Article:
Since I can remember I’ve always had a thing about collecting maps. I have folders full of free ones detailing places from childhood holidays, road atlases covering a large proportion of the globe, old maps (mainly of Yorkshire) and an entire wall in my home dedicated to detailing the world and the places I’ve visited within it.
I can’t explain exactly why I love maps so much, all I know is that I do! Maps of specific locations can hold special memories. A map of our home country can appeal to our pride and sense of belonging. Maps capture important historical time points. For me, I love the detail and accuracy of maps. They provide the bigger picture whilst maintaining accuracy of the important smaller details. You can count on and trust a map. A map provides all the information in a quantitative way, providing you with all the necessary guidance to get you to your desired destination. Elements on a map are arranged precisely where they are supposed to be.
When I find time to deviate from map collecting and carry out my day job, I often think about peptide mapping and how this technique shares similarities with traditional cartography. Conventional cartography development, much the same as peptide mapping, has relied upon technological advancements. Peptide mapping is now well established and ideally should resemble standard cartography in many other ways.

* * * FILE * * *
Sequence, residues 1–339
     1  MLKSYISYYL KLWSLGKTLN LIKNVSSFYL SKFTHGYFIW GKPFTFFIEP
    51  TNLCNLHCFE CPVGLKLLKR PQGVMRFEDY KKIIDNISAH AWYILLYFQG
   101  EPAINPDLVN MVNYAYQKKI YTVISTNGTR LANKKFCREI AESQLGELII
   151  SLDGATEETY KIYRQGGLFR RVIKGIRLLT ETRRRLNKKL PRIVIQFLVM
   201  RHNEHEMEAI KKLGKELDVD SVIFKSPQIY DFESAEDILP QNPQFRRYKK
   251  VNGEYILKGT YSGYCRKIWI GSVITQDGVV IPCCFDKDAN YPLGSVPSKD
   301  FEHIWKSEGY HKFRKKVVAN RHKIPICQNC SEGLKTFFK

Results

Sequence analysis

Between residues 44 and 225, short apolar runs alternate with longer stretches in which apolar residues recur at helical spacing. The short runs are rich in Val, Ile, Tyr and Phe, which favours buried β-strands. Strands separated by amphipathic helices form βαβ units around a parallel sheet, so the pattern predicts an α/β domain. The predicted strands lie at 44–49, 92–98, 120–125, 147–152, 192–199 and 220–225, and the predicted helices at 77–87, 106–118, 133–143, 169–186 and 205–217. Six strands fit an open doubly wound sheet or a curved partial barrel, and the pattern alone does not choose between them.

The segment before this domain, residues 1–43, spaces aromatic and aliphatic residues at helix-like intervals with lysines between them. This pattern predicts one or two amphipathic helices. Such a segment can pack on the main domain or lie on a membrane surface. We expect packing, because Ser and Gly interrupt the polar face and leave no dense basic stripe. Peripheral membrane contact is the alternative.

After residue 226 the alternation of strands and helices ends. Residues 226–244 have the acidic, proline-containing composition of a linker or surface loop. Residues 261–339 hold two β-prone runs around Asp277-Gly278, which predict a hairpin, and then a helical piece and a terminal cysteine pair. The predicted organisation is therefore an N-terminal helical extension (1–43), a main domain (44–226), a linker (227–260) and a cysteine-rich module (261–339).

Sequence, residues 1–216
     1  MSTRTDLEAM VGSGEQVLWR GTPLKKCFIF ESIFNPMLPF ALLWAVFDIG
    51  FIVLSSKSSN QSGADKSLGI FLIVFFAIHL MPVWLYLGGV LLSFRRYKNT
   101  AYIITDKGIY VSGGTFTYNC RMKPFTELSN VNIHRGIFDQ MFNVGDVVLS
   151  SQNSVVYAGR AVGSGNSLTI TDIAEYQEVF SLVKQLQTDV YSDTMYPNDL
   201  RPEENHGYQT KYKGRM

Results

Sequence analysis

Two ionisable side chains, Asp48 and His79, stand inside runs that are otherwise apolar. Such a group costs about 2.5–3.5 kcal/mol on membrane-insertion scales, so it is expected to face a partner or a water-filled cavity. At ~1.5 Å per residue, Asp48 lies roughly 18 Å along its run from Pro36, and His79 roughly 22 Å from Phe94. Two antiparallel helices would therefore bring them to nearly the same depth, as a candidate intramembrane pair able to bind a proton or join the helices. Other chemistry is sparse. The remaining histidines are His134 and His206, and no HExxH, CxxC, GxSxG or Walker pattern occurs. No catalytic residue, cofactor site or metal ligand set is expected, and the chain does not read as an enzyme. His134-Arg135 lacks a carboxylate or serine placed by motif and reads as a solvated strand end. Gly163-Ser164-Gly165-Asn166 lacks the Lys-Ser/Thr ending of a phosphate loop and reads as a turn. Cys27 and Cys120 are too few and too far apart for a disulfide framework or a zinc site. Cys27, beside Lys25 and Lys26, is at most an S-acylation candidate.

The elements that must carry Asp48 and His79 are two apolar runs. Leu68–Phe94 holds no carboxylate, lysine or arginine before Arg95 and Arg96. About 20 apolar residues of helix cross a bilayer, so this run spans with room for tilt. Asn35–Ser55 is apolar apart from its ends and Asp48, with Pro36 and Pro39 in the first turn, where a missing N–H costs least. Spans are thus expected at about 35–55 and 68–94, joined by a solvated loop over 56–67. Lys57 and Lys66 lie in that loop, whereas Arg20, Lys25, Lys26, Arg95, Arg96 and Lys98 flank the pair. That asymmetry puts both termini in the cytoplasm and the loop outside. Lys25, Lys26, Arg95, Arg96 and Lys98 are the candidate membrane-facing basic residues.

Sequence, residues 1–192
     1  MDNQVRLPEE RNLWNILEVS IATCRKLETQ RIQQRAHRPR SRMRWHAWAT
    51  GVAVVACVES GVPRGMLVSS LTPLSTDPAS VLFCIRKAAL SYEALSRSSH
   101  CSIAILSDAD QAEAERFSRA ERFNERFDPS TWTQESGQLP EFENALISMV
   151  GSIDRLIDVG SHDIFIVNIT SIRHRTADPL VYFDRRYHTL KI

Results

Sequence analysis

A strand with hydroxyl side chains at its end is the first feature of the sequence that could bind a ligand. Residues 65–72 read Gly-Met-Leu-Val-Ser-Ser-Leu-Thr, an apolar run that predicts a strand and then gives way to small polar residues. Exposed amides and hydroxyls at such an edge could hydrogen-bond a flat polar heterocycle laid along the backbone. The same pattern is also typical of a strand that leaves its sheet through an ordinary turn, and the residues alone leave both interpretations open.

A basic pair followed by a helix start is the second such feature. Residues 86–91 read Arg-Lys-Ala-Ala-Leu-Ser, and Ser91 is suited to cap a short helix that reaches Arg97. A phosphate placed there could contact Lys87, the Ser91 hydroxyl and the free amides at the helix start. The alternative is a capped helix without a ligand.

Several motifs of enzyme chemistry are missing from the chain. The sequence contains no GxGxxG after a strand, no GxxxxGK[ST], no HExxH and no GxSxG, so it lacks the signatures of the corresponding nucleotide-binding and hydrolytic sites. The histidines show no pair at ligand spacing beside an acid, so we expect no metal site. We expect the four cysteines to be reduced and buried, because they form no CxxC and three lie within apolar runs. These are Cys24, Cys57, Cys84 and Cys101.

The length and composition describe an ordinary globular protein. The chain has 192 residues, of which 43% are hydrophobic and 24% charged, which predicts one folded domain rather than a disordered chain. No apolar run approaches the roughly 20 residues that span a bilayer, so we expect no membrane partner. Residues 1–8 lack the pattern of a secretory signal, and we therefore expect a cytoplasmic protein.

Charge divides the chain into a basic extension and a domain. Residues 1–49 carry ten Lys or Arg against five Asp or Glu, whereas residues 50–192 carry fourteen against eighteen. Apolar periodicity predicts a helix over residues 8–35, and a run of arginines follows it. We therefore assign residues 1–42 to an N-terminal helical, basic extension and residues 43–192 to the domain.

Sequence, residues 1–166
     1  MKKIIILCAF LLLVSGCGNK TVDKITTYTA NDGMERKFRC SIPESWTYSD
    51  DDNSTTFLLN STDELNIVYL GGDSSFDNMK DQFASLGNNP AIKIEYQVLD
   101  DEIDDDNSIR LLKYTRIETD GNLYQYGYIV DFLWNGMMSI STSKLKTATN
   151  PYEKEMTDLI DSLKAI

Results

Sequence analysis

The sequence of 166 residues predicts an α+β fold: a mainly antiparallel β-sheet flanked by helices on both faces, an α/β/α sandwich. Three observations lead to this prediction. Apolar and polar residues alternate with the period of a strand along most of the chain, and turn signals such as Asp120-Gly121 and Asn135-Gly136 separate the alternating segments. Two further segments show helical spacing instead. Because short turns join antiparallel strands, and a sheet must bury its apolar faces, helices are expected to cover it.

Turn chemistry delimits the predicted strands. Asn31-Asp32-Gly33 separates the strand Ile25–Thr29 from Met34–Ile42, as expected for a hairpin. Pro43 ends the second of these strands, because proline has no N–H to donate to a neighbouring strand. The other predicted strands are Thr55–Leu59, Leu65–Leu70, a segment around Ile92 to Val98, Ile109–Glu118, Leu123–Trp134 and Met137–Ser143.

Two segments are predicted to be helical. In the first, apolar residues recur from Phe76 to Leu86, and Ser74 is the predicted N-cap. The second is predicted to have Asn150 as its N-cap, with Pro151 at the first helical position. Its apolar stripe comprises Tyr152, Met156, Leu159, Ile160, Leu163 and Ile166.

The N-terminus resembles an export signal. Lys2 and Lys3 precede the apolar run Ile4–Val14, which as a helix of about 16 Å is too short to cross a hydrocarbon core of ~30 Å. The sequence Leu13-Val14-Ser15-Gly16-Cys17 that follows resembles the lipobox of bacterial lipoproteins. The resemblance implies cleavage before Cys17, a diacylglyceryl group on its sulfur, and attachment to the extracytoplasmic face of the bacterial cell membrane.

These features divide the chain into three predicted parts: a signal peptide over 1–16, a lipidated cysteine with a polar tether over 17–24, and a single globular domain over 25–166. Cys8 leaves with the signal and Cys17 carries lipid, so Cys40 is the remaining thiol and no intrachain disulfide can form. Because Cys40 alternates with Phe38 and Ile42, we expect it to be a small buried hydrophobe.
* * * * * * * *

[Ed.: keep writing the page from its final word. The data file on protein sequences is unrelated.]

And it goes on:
Peptide mapping should provide you with a comprehensive and accurate representation of the landscape of a particular protein. It needs to provide you with full sequence information, displaying each amino acid constituent and where they are located in relation to each other. More than this, peptide mapping should provide information on all possible post-translational modifications and sequence variants, illustrating the many possible routes in which a single protein molecule can be modified. The technique should be reproducible and reliable, guiding you to the correct answer each time.
With an optimized peptide mapping workflow, none of the above criteria should be compromised. For this to be the case a peptide mapping workflow requires simple and reproducible protein digestion, efficient peptide separations, high resolution accurate mass analysis and powerful workflow driven software.
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Peptide mapping shouldn’t be the challenge that people see it to be, comprehensive peptide maps should be available for everyone to achieve and COLLECT! Perhaps we love to look at maps because we know how to read them. Information on a map is organised in a way that is efficient and easy for us to understand. With upgraded peptide mapping workflows and intuitive software we should all be able to fully explore even the most complex biotherapeutic.
It’s time to explore. As the saying goes ‘Not all who wander are lost.’